The Aged Care Workforce Industry Council (ACWIC) said it supports the call by the Committee for Economic Development of Australia (CEDA) for action to address Australia’s high levels of gender segregation in industries including aged care.
Libby Lyons, chair of ACWIC, said that the CEDA report rightly highlights the problems with perceptions of care work as ‘women’s work’.
“It is no coincidence that in the aged care workforce, nine out of 10 employees are women,” Lyons, pictured above, said.
“The majority perform essential and rewarding, yet low-paid, caring roles, with limited opportunities for career progression.
“We are experiencing a workforce crisis in aged care.
“We need more people to join the sector – and to be paid a decent wage when they do,” she said.
According to CEDA, flexibility has become the highest priority for Australian jobseekers, overtaking compensation.
Lyons said that leading aged care employers are already developing creative employee value propositions to attract workers, offering flexible conditions that better meet workers’ needs and preferences.
“The best aged care providers are also creating viable career pathways and meaningful jobs that retain workers for the longer term to provide high quality, person-centred care. We now need all employers in the sector to follow suit,” she said.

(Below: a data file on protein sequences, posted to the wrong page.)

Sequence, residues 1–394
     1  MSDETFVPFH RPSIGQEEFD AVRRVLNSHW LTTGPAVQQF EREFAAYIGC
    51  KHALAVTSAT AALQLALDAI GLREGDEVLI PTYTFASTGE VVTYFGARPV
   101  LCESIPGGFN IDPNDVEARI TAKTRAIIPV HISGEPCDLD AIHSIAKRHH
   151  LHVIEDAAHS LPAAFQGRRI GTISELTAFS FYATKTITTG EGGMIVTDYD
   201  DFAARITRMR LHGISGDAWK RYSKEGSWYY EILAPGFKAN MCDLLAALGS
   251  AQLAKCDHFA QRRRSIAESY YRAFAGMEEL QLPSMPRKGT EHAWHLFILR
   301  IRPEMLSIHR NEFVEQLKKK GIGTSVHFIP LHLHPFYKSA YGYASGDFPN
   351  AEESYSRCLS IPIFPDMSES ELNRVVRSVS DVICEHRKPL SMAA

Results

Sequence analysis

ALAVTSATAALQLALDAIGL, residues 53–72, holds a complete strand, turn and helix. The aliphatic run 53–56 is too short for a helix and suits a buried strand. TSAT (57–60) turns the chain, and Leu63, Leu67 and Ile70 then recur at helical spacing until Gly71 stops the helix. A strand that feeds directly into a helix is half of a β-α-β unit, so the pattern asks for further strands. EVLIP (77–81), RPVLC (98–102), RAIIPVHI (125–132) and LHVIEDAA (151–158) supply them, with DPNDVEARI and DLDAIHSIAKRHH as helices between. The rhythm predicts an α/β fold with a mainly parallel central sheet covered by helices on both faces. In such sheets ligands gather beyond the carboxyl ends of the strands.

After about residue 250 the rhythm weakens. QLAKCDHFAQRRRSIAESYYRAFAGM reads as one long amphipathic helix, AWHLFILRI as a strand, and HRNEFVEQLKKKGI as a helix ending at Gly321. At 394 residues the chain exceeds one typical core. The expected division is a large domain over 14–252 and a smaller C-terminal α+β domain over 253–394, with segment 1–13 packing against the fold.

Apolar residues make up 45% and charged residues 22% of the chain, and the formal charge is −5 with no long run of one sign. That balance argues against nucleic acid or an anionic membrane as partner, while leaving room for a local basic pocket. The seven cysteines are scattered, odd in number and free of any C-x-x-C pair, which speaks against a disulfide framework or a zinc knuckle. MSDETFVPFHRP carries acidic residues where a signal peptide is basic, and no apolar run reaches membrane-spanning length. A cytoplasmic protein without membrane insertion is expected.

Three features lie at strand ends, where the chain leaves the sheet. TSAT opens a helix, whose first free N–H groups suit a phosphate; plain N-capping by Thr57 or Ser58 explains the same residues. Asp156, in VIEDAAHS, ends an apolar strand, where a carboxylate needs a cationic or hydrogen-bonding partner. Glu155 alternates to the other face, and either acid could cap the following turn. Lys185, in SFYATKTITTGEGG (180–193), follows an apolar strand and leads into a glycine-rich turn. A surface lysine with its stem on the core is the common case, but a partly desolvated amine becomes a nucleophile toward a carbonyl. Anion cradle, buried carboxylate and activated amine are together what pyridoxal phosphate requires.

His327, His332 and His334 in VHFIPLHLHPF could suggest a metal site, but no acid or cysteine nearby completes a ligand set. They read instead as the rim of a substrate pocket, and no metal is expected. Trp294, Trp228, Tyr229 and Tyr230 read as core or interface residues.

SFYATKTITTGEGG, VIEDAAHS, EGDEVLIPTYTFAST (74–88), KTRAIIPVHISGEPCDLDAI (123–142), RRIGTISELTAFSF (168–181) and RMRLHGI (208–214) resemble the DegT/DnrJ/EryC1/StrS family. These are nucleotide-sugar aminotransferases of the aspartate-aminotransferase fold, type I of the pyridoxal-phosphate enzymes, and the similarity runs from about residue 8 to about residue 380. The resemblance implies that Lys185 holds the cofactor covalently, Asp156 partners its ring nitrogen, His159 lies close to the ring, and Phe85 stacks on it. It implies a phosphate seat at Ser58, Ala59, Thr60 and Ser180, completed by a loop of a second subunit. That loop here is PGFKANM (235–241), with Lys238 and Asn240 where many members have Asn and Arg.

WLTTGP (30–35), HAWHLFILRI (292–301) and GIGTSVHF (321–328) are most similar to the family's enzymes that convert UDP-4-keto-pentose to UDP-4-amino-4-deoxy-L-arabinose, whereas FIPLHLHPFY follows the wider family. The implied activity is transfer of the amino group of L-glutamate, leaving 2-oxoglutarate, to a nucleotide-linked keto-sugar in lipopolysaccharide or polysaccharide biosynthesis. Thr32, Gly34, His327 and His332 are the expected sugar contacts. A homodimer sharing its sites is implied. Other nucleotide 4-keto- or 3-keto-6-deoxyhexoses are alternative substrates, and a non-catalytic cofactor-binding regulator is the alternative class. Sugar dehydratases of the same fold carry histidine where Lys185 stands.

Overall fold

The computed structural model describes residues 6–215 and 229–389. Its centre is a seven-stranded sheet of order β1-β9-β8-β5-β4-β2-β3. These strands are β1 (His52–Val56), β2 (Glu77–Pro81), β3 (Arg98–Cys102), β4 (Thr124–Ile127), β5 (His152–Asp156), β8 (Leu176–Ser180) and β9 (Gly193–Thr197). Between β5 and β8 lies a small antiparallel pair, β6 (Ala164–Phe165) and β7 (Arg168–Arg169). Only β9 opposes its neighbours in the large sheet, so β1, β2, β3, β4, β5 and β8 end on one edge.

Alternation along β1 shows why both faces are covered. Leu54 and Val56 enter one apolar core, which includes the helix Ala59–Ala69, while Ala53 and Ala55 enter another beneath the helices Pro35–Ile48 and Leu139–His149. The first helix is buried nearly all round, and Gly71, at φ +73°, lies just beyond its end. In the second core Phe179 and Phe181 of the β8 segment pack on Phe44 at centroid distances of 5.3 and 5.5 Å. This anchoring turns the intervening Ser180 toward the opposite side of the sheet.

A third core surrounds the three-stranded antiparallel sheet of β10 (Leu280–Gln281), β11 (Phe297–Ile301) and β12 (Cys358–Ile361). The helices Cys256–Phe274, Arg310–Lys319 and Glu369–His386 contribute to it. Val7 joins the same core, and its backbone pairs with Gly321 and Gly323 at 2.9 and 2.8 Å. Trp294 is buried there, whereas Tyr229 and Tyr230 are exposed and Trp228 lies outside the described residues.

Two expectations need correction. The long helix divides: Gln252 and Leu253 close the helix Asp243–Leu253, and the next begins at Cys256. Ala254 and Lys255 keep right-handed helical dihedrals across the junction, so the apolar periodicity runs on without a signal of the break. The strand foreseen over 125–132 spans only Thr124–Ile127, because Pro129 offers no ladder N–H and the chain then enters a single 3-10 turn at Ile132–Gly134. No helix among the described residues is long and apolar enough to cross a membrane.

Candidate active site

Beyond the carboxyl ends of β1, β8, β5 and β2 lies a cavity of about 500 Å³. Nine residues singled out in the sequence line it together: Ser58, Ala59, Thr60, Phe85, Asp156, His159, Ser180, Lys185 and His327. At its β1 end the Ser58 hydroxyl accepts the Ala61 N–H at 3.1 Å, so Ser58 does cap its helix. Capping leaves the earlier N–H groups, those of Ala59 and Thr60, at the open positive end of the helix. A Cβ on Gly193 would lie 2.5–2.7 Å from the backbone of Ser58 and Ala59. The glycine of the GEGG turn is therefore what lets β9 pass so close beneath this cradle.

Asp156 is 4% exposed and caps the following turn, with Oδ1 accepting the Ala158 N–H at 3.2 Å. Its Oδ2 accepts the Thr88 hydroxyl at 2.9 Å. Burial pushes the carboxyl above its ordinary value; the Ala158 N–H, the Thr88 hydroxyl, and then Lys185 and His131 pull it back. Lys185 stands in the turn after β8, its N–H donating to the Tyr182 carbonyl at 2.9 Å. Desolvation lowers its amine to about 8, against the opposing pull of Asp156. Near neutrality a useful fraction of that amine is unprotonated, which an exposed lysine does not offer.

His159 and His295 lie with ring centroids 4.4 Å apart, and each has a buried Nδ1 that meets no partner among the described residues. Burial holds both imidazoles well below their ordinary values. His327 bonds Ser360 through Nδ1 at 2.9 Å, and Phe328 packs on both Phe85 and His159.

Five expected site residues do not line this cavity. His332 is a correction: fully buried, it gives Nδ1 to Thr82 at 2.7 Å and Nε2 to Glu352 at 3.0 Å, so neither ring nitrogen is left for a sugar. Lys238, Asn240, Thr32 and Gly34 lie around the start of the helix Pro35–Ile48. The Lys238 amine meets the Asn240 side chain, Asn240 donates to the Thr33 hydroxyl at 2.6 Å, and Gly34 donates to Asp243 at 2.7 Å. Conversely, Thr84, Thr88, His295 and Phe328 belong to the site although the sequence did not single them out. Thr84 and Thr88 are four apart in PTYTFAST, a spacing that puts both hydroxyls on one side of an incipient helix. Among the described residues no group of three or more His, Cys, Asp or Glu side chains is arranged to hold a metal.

Lyons added that ACWIC wholeheartedly supports the recent addition of the equal remuneration principle to the Fair Work Act, which will help the Fair Work Commission to issue pay increases to workers in low-paid, female-dominated industries.
“Improving wages in sectors that have been historically undervalued, such as aged care, will help to close the gender pay gap and increase the pool of potential workers.
“We simply cannot meet the needs of our ageing population if we do not make the aged care sector a more attractive place to work for both women and men.
“We will continue to work with Government to address the critical shortage of aged care workers, and to equip the aged care workforce to deliver the care that older people, their families and carers expect.”